"I would like to add to the negative reviews already posted the further comment that I have never yet seen a ballet so consistently photographed from a distance. Wide ensemble shots are often appropriate; but whatever acting and subtler gestural skills the dancers may have exhibited, not to mention costuming details, are almost entirely lost on the viewer. Closeups last for a few seconds at most, as if the filming director were afraid of letting makeup show. This was highly frustrating to me, as both Dowell and Sibley seemed to be in good form. Even in the solos and pas de deux segments the camera hangs awkwardly back as if the cameraman were unfamiliar with the piece and fearful of letting the principals unexpectedly dash off screen. Ballet is a pantomimic art, and a good visual recording should not relegate the viewer to the nosebleed seats."
A Funny, Romantic Ballet With A Great Score
C. O. DeRiemer | San Antonio, Texas, USA | 05/08/2005
(4 out of 5 stars)
"This filmed version of the Royal Ballet's 1969 Cinderella is a knock out, provided you're willing to accept it on its own terms. The DVD is a filmed record of the ballet's theatrical presentation. The camera takes in the stage in full shots, with medium and close-ups at times of the featured dancers.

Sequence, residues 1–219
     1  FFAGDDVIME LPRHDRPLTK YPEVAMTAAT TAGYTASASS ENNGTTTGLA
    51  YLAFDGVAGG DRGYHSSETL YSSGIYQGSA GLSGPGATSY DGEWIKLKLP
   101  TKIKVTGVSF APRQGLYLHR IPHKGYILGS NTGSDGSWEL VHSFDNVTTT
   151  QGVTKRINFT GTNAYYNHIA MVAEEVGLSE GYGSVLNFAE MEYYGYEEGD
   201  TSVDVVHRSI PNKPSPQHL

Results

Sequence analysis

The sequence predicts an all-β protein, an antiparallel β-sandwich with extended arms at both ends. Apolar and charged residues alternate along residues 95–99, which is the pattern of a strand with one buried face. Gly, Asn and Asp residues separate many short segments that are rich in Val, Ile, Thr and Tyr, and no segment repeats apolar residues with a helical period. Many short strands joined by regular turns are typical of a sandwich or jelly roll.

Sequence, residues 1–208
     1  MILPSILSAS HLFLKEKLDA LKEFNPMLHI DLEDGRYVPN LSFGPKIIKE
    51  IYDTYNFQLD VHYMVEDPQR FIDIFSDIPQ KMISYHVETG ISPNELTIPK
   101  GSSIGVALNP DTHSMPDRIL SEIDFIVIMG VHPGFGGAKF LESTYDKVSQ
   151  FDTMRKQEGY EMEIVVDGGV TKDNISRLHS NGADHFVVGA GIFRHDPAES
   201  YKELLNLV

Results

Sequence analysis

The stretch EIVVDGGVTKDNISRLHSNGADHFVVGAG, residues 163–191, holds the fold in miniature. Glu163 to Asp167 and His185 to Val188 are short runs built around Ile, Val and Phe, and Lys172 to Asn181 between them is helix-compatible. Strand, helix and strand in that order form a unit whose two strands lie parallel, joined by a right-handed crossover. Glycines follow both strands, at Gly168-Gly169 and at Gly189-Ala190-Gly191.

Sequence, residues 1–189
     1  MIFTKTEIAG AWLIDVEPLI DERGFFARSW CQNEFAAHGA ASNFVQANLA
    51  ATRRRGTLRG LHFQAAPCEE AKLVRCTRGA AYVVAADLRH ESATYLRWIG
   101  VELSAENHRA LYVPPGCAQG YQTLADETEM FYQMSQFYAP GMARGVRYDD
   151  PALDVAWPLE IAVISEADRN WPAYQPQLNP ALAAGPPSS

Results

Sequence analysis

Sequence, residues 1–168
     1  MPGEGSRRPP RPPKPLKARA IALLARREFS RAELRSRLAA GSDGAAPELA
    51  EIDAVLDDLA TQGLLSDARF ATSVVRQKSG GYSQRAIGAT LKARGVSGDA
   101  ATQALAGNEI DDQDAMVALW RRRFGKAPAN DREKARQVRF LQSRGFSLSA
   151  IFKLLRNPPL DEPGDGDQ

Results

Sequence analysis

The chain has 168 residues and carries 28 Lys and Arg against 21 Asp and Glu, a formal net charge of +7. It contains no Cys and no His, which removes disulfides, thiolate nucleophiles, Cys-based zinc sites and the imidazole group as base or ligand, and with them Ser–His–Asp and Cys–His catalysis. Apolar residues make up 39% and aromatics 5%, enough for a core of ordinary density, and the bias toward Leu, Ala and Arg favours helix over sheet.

What it makes it valuable is that this is the only record we have of one of the famed ballets of the Twentieth Century. What makes it so watchable, if you're so inclined, is a great score by Sergei Prokofiev, clever, funny, romantic, classic choreography by Frederick Ashton, a sumptuous production and superb dancing by Antoinette Sibley as Cinderella and Anthony Dowell as the Prince. They were the Royal Ballet's most famous and accomplished dancing pair after Margot Fonteyn and Rudolph Nureyev. And giving the ballet great verve and humor is Frederick Ashton and Robert Helpmann dancing the roles of the ugly sisters. Both were acclaimed premier dancers in their prime and had successful careers after, Ashton as one of Britain's great choreographers and Helpmann as an actor, choreographer and ballet manager. (You might remember Helpmann in The Red Shoes and Chitty Chitty Bang Bang.) They provide the comic relief throughout the ballet. The sisters are man hungry, jealous of each other and of Cinderella and absolutely unconscious of how unattractive they are. Ashton and Helpmann are great in the roles.
The DVD is no marvel of clarity, but it's certainly watchable. It's well worth having if you like Prokofiev, if you like a classic of ballet, if you like two great comic turns...or if you like all three."